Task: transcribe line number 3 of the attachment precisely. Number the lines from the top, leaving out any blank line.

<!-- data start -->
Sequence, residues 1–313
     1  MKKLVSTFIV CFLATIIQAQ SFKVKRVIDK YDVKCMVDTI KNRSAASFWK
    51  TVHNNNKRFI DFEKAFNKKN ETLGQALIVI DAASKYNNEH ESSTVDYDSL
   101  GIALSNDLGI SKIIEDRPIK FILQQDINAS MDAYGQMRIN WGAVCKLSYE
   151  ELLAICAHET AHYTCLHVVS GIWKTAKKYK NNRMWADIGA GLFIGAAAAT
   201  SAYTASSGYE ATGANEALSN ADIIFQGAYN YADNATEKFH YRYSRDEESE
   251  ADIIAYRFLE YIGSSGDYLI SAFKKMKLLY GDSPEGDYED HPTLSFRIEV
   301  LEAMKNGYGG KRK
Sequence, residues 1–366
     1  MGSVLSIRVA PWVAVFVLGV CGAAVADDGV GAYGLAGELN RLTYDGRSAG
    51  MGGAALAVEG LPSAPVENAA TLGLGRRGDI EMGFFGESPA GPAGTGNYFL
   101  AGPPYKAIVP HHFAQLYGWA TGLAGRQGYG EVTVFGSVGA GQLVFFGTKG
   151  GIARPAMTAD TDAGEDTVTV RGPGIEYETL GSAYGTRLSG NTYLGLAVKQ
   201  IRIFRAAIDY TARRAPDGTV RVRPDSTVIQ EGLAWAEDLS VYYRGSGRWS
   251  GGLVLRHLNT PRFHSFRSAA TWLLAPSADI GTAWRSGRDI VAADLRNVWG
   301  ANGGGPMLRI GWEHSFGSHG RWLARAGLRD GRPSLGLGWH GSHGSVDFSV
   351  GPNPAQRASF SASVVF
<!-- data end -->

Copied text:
    51  TVHNNNKRFI DFEKAFNKKN ETLGQALIVI DAASKYNNEH ESSTVDYDSL